Anyway, I thank you for your input and if there are any other problems, feel free to tell me so I can fix them up.

    Basil
     
  13. Wurger

    Wurger Siggy Master
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    #13 Wurger, Apr 4, 2014
    Last edited: Apr 4, 2014
  14. BasilBarfly

    BasilBarfly New Member

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    Thanks again Wurger. If its ok, I would like to incorporate that image of Russian Aircraft markings onto my Soviet Home page. I also wanted to say that my site is a quick reference site, not an in depth full on information site that you may be accustomed to. While there are many enthusiasts like yourself out there who are avid readers of historical aircraft, many are hobbyists, sim pilots and dabble into history and just want some basic info on aircraft, not with all the whistles and bells. This is what I provide. The links on every page that I have are to both books and Kindle books that readers of my website can easily buy or download. After all, I also need funds to keep my website up as iPage dont give me a free domain or ip address.

    Thanks
    BasilBarfly.
     
  15. Wurger

    Wurger Siggy Master
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  16. nuuumannn

    nuuumannn Well-Known Member

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    Hi Basil, interesting information and great idea; I wish you the best with this. Just a few minor points worth mentioning.

    The Lancaster: the idea of a four engined Merlin powered Manchester was actually thought of by Chadwick before the Manchester went into production. One of the problems with the Vulture - before the issues it suffered arose was that in 1937 it was thought that there wouldn't be enough of them to go round and this is one reason why Handley Page went with fitting four Merlins to its HP.56 proposal, which was offered to P.13/36 and awarded a production order alongside the Avro 679. The result was the renamed HP.57 Halifax. What is often overlooked with regards to the Manchester and Lancaster was that the Lanc had exactly the same fuselage, just strengthened to take the bigger wing. Also, the last Lancasters serving in a military role were not Canadian ones, but French; the Aeronavale operated maritime patrol Lancaster VIIs out of Tahiti and Noumea in the Pacific into the late 1960s. On retirement, a few of these went to museums in New Zealand, Australia and the UK - Just Jane, the Panton Brothers' Lanc at East Kirkby, Lincs is a former Aeronavale Lanc.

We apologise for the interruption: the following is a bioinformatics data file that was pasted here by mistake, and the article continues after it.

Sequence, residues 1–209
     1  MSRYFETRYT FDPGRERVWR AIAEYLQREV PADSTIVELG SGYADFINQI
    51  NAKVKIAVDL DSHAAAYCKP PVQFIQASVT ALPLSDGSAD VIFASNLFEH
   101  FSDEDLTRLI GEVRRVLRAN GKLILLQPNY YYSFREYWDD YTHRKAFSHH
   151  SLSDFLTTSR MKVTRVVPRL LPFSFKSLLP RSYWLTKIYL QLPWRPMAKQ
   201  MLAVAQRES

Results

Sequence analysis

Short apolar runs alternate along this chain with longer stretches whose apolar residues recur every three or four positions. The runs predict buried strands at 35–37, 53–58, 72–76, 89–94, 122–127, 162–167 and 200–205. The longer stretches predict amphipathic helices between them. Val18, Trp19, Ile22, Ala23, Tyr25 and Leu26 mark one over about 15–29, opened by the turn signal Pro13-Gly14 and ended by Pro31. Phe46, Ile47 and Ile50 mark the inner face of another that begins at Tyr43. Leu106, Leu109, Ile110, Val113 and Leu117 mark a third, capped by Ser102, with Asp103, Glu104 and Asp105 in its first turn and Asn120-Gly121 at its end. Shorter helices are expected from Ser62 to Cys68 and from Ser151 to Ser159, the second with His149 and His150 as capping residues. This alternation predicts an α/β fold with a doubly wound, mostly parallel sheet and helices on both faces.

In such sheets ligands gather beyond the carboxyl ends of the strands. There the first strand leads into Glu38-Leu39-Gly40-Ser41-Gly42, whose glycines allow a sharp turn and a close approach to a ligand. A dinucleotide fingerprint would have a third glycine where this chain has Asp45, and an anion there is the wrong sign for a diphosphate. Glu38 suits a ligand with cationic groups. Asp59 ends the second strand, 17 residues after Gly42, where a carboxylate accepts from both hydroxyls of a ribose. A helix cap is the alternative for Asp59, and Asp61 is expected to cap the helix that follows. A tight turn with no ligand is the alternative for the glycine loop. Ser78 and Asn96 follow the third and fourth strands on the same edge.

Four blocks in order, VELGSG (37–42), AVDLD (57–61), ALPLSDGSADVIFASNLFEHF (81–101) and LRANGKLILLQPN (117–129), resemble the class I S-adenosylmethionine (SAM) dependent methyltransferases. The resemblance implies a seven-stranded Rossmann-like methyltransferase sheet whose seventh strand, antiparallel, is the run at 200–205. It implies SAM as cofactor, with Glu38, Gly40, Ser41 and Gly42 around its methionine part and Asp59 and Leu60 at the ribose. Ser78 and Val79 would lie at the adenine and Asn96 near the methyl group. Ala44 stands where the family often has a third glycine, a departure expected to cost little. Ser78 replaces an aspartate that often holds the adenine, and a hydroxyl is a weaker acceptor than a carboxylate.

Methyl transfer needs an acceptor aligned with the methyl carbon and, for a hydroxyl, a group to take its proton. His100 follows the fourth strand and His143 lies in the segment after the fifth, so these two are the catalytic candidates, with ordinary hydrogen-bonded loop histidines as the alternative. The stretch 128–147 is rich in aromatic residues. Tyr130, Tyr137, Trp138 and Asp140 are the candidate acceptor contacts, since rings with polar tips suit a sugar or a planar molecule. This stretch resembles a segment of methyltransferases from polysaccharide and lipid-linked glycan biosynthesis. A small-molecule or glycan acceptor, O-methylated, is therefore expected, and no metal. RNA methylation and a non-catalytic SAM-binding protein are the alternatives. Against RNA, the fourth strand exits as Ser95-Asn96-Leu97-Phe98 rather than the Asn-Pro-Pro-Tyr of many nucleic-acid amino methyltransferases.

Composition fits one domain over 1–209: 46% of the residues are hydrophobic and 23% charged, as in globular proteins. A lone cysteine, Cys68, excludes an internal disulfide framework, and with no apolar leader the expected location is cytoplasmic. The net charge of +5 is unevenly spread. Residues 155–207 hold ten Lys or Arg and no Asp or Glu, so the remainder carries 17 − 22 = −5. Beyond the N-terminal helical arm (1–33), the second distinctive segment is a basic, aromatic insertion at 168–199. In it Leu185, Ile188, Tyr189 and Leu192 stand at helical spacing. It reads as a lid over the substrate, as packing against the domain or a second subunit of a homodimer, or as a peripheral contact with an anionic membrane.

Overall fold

The Wellington's methond of construction was geodetic, not geodesic. Blenheims were not fitted with a power operated turret; it was manually operated. Blenheims were also used by Coastal Command. It is also interesting to note that the only surviving Bristol built Blenheims are extant in Finland.

    I've only skimmed through a few pages and I hope you see these as constructive suggestions. Nevertheless, like I said earlier, great work and great idea.
     
  17. BasilBarfly

    BasilBarfly New Member

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    #17 BasilBarfly, Apr 7, 2014
    Last edited: Apr 7, 2014
    Thanks. I have looked for further information regarding the Blenheim turret. According to Aircraft of the Aces, Osprey Aviation, Blenheim Squadrons of WW2, the Blenheim I were delivered to No114 sqn, in March 1936 where they were fitted with type B1 Mk1 turrets ( a .303 in (7.7 mm) Lewis Gun in a semi-retracting Bristol Type B Mk I dorsal turret firing to the rear). Again, it doesnt specify whether or not it was powered.
    Wellingtons airframe according to Wikipedia:- A geodesic (or geodetic) airframe is a type of construction for the airframes of aircraft developed by British aeronautical engineer Barnes Wallis in the 1930s. Either or...
    Again, in regards to the Lancaster, I refer to wikipedia:- Avro's chief designer, Roy Chadwick, was already working on an improved Manchester design using four of the more reliable, but less powerful Rolls-Royce Merlin engines on a larger wing. The aircraft was initially designated Avro Type 683 Manchester III, and later renamed the "Lancaster". I have found further reference to the last operational Lancaster and will add that to the Lancaster page on my next update.

    Thanks again for your input, its good to know someone is reading my information. As I have stated earlier, my website is not the definitive be all of the information on aircraft that I have put up, but as a 'synopsis' of aircraft, with reference to books that people may buy if they wish to learn more about the aircraft in question.

    Basil
     
  18. nuuumannn

    nuuumannn Well-Known Member

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    #18 nuuumannn, Apr 7, 2014
    Last edited: Apr 7, 2014
    Hi Basil, good to see. The Bristol turret fitted to the Blenheim was not powered; an organisation I used to work for restored one (a Bolingbroke) I have pics of the turret dismantled somewhere, if only I could find them. Many books on the Lanc and Halifax should confirm the fact that Chadwick was working on the four engined Manchester at around the same time as Volkert decided the HP.56 should be four engined; around 1937. Leo Mickinstry wrote a very good book on the Lancaster (and Hurricane and Spitfire) and it is worth reading if you can find it.